Books about libraries: ‘Library Books’


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This month I have mostly been reading Chris Paling‘s ‘Reading Allowed’, subtitled: ‘True Stories & Curious Incidents from a Provincial Library’. (Published by Constable, London 2017)

This book certainly is a compelling read, if at times annoying for those of us who work in the industry and wouldn’t consider standing around reading books at the counter when there’s so much else to be done (shelving, rotations, reservations workflow, packing, unpacking, inter-library loans, picking up chewed crayons from the children’s area to avoid health and safety incidents…). It would be lovely to be able to read all day but reading for leisure is certainly not ‘allowed’ as part of the job. I don’t mean to be harsh on Chris, but some people do have the impression that a job working as a library assistant is a gentle, slow, easy one and his book title encourages this false belief. As if we do sit around in between serving customers, and get to read the lovely books that inhabit our work space, I would say that that would be akin to expecting someone who works at a cake shop to be constantly trying the shop’s goods. Yes, we often come across books during working hours and put them to one side to issue to ourselves after work, but not to spend work hours reading for fun. I have been asked by customers if I actually get PAID to work in a library – “What a lovely job!”or do I “Just do it for fun?”. Okay, well, it is fun sometimes, but I rarely get five minutes to breathe in between serving customers and doing daily tasks.

Then, I thought: ‘Perhaps he just gave this impression so he could bring in all those lovely examples of books about libraries?’ A clever construction, albeit misleading about library assistants. Despite this criticism, I really did enjoy reading about Chris Paling’s time at the library, and often felt like he must be working at one of the libraries I have been employed at, so much did his description of some of the people, resemble customers I have known. I won’t go further into detail there though, I did feel a little like I was having a voyeuristic peek into people’s private worlds and wondered how those he wrote about would feel reading their descriptions and conversations laid out bare in his pages. Perhaps a little respect is in order? However, it is definitely worth reading if you work at a library, and even if you don’t – it does offer a mostly accurate picture of daily library life and the amount of patience and empathy required to serve the general (and not so general) public.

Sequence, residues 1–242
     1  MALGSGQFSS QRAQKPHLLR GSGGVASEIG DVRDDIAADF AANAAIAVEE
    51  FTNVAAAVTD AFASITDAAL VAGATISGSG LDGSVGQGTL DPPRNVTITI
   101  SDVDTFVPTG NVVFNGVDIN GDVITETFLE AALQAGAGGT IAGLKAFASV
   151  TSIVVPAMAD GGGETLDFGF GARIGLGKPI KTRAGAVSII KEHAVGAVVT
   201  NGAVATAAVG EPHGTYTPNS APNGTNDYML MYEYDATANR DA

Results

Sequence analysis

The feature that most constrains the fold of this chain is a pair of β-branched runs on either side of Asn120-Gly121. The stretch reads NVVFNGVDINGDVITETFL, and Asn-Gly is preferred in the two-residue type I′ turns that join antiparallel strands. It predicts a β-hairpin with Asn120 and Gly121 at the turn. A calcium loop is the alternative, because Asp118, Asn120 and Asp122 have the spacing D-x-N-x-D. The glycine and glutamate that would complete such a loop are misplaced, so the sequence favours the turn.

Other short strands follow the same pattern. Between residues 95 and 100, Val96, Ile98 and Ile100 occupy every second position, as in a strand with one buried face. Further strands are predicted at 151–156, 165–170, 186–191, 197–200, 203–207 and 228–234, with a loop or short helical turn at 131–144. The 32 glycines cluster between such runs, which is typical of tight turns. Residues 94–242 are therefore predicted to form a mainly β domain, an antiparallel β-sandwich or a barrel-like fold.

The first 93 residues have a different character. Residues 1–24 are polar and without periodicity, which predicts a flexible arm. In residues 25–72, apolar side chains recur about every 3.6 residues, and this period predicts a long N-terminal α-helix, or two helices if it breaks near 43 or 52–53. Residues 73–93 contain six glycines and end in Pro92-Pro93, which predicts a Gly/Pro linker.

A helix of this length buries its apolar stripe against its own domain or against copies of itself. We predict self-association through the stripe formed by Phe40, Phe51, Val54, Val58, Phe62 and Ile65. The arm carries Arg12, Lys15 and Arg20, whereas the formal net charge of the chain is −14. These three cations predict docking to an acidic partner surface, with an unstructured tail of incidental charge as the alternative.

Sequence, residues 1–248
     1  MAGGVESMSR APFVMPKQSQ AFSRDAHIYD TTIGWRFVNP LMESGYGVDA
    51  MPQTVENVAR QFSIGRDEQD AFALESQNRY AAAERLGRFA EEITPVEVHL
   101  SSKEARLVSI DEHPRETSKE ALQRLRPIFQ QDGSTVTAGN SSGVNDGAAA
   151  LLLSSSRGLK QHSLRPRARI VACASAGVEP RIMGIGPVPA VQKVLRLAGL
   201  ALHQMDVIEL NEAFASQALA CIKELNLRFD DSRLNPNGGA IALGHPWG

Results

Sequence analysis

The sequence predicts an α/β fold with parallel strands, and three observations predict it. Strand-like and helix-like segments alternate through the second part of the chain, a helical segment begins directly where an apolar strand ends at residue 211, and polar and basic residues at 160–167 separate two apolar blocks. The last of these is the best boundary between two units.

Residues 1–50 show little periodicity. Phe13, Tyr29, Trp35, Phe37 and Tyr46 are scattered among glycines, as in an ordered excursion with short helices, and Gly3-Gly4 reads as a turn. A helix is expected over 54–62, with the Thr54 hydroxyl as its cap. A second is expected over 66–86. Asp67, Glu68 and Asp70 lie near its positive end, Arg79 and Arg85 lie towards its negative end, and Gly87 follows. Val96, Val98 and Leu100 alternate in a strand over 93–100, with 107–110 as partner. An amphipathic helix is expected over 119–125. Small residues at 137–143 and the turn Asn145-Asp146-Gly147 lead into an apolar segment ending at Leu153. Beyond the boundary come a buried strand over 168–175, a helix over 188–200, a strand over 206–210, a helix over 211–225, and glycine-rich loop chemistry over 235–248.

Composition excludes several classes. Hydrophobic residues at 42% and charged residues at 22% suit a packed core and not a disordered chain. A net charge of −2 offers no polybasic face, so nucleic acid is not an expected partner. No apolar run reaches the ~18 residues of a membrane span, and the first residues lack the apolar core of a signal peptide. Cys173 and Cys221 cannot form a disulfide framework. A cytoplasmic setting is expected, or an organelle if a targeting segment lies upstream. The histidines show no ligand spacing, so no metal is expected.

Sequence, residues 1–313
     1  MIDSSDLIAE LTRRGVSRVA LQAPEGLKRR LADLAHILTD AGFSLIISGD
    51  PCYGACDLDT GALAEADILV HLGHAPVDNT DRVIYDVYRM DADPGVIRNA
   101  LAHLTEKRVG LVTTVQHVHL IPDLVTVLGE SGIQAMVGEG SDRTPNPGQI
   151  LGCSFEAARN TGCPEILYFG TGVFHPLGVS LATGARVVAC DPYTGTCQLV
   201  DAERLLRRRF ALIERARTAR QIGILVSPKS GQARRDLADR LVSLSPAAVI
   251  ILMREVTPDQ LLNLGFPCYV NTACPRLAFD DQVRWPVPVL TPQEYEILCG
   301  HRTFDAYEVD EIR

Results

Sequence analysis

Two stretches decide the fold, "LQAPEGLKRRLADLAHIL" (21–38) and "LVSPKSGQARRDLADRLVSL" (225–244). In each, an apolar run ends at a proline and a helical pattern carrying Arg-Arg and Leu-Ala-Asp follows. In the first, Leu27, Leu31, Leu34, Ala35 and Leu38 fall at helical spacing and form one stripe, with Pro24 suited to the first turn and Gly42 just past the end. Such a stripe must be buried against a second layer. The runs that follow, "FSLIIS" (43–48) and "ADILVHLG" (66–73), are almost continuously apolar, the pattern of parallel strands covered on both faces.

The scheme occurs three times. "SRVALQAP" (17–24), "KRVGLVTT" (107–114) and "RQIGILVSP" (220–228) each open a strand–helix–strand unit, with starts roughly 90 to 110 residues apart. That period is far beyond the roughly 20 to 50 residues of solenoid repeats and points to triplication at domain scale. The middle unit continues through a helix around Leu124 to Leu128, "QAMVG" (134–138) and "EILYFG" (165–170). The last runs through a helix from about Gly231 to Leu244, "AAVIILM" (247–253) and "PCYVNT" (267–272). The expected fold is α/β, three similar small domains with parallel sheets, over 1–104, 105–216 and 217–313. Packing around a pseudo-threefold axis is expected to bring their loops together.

The Appendix contains a handy guide to the Dewey Decimal Classifications (something I’ve carried around in a notebook for the last three years too), and a list of sources from the text. From trawling through Chris Paling’s well-researched text and the source list in the appendix, I made a wish-list of ‘Books about libraries’, some of which I already have, such as ‘The Library Book’ and some which I think are missing from his list (see my last two suggestions). See Chris’s actual book for the more detailed source list – I’ll just precis it:

  • The Library at Night ~ Alberto Manguel
  • Old English Libraries, The Making, Collection and use of books during the Middle Ages ~  Ernest A Savage
  • Library, an Unquiet History ~ Matthew Battles
  • Library Confidential, Oddballs, Geeks and Gangsta’s in the Public Library (Experiences of a Library Assistant in California in the 1990’s) ~ Don Borchert
  • Irrepressible Reformer, A Biography of Melvill Dewey ~ Wayne A. Weigand
  • Hitler’s Private Library: The Books that Shaped his Life ~ Timothy W. Ryback
  • The Library Book ~ Rebecca Gray (a collection of writer’s thoughts on the library service and what it means to them)

plus my suggested two essential titles:

  • Public Library ~ Ali Smith (beautiful, brilliant and tragic all at the same time)
  • Maisy Goes to the Library ~ Lucy Cousins (Published by Walker Books 2005)

 

 

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